Types of Rocks on the Virgin Islands (British and US): Guide to the 7 Most Common You’ll See

The Virgin Islands are volcanic islands that have a lot of interesting rocks 

St. John, St. Croix, St. Thomas are the main islands that make up the Virgin Islands and they each have their own geology, but the islands have the same volcanic origin. 

Types of Rocks on the Virgin Islands


The information provided in this article by YesDirt.com is for informational purposes and is subject to change. Laws are updated. Accessibility guidelines and restrictions change. Be sure to confirm the land status and collection rules before you travel to an unfamiliar location or collect any material.


More common on the British Virgin islands. Molybdenite is a very smooth stone that feels a lot like graphite. It can be found on Virgin Gorda Island. 

It is made of sulfur and molybdenum which gives it a very smooth feel and metallic look. It breaks easily into thin layers and has an even cleavage. 

Molybdenite is black, dark gray or gray and very soft to the touch. It marks on paper like graphite. 

Molybdenite can only be differentiated from graphite with special equipment. It can also be tested with acid solutions as graphite does not dissolve in acid, but molybdenite does. 

It is formed in areas where the rock formations have been formed in hot water. These formations on Virgin Gorda Island likely were formed when the island was still being formed under the water’s surface. 

The mineral forms stunning hexagonal crystals embedded in other sulfur containing rocks. 


The Virgin Islands are rich in sulfur and you can find examples of crystalized sulfur. 

Sulfur crystals can be incredibly beautiful and usually present in a bright yellow, but can be orange, white or light yellow.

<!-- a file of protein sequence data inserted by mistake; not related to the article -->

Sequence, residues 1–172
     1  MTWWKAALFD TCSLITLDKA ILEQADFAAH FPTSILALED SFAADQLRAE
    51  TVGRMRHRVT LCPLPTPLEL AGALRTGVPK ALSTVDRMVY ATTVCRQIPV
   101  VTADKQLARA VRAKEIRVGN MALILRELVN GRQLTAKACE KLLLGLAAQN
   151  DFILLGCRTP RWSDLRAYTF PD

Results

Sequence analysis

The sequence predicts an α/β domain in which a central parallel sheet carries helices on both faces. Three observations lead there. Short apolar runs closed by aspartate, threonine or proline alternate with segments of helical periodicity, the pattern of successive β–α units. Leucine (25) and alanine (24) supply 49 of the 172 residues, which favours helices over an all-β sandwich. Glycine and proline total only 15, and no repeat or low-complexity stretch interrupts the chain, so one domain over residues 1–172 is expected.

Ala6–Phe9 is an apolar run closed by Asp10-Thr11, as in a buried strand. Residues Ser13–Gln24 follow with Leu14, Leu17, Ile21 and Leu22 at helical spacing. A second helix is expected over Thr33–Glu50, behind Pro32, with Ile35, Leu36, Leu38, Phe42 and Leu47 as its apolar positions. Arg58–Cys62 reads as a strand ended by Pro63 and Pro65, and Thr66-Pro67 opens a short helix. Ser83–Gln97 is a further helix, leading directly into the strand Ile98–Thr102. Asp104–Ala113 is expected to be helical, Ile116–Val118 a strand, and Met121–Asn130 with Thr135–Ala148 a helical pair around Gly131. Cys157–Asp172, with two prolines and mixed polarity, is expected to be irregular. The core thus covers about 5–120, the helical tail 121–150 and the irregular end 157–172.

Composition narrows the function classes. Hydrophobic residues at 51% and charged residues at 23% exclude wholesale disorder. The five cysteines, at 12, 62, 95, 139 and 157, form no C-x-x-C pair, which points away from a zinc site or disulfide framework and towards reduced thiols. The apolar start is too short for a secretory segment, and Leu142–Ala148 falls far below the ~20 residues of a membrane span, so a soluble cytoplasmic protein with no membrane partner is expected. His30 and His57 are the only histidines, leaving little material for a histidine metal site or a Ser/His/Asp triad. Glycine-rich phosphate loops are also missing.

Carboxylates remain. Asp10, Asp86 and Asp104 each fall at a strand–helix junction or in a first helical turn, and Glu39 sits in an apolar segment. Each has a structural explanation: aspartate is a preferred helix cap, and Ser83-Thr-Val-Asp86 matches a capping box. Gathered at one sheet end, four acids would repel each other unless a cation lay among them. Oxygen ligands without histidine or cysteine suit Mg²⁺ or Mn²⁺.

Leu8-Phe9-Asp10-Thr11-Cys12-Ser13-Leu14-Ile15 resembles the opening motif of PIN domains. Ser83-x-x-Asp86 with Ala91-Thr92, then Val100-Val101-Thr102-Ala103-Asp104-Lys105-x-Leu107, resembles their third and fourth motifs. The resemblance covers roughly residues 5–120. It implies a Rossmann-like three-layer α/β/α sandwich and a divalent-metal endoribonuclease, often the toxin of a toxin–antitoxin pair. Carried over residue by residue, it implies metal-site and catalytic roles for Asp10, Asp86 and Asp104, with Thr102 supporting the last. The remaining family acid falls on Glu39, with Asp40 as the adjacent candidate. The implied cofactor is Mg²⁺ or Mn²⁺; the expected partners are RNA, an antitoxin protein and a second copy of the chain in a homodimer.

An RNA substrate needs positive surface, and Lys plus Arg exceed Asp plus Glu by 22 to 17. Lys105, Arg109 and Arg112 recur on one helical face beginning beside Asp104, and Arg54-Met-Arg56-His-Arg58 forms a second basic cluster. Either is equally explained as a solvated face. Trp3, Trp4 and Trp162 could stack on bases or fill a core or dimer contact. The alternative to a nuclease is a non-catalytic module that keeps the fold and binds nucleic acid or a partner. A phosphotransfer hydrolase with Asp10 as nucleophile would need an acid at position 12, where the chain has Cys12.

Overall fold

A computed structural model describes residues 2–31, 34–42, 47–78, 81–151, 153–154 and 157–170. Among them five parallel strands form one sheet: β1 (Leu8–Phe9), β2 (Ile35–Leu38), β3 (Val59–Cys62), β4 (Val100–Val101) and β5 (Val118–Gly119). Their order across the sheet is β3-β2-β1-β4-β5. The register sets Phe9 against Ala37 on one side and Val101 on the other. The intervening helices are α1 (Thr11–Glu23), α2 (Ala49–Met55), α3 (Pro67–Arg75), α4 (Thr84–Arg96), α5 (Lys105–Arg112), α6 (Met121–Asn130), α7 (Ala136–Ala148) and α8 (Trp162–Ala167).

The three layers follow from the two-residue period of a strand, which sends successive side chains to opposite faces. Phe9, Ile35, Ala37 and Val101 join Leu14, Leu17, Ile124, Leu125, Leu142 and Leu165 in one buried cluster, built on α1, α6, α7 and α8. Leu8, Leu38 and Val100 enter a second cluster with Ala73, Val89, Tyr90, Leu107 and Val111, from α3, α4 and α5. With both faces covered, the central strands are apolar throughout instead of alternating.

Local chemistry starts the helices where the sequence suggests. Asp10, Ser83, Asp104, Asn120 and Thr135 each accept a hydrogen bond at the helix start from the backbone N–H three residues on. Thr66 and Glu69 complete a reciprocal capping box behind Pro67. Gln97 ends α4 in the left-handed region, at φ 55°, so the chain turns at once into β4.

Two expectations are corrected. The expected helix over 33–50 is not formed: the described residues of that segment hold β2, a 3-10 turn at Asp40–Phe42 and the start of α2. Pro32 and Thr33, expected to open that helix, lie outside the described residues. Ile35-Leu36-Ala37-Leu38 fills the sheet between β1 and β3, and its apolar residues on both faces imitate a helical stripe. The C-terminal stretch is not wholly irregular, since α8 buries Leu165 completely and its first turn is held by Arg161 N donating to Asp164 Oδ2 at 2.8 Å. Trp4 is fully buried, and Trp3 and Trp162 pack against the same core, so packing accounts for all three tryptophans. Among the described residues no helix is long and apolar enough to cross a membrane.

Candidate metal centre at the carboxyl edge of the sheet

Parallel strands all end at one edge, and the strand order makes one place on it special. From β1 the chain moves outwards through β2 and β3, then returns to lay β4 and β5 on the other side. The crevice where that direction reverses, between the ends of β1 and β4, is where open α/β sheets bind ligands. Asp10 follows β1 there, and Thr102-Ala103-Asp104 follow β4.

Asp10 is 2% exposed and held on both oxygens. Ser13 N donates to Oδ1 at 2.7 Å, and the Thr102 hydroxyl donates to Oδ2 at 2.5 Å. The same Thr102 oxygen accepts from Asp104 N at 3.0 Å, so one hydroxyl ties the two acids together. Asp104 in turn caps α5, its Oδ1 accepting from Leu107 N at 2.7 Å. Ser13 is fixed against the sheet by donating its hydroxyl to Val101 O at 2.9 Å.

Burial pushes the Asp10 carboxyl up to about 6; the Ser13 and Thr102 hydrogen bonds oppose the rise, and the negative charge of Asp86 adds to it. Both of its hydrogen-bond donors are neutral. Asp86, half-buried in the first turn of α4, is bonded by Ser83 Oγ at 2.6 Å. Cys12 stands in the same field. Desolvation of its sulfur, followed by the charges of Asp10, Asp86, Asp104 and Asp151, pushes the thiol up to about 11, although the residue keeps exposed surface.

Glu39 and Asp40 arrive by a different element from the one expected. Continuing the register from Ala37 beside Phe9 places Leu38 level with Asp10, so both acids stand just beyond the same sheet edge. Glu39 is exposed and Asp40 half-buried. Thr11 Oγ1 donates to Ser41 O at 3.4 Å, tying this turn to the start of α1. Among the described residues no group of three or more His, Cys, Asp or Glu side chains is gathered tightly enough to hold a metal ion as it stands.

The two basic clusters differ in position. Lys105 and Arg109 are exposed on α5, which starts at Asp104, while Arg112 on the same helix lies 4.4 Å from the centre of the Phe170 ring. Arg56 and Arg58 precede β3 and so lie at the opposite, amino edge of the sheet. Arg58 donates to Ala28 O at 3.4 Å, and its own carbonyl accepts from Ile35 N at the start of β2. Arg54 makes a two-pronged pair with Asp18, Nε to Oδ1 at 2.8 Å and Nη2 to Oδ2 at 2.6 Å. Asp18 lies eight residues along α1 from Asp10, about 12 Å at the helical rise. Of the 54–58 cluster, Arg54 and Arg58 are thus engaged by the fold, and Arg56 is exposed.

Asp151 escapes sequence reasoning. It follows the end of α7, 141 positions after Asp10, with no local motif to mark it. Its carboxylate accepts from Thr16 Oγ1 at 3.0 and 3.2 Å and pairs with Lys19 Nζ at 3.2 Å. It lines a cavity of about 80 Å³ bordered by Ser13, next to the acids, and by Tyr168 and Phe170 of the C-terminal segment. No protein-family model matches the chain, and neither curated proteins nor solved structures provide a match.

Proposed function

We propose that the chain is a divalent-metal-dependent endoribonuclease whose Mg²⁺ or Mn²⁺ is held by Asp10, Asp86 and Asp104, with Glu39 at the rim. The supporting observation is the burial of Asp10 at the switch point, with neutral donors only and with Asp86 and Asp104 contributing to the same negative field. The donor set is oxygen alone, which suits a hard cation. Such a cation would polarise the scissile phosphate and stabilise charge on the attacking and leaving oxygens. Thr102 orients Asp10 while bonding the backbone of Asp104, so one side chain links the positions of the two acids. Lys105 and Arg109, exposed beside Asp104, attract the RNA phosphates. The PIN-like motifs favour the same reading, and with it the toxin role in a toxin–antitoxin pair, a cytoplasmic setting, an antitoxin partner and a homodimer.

Sulfur was known as brimstone for many years as it was associated with the lava flows where it is often found. It often forms as a result of the gaseous form of sulfur crystallization as volcanic gasses settle and cool.  

Sulfur crystals are most commonly found in sedimentary rocks and it forms very square dipyramids. 

Sulfur crystals are often found as a yellow coating on other stones, these crystals are very small, but take the same color and shape.  


Quartz highly recognizable hexagonal crystals may be found along the coast of St. Thomas, St. Croix, Virgin Gorda and St. John. 

The quartz found on the Virgin Islands is generally white or colorless, although other color varieties are possible. 

Quartz is one of the oldest recognized rocks. It was identified in ancient times as kristallos. 

Made up of silicon and oxygen, quartz most often forms trigonal crystals that are vulnerable to microfracturing when heated. 

There are significant differences between quartz formed below 573 degrees and those formed above, so if quartz passes above 573, it may expand and fracture. 

The temperature also determines the crystal structure. The high temperature quartz is what forms the desired hexagonal crystals. 

Quartz is the second most common rock on earth and forms beautiful crystals that are worth collecting. 


Prehnite is a bright green rock that forms in globular formations, it looks like bright green gumdrops. 

Prehnite has a pearl-like luster and can be very brittle.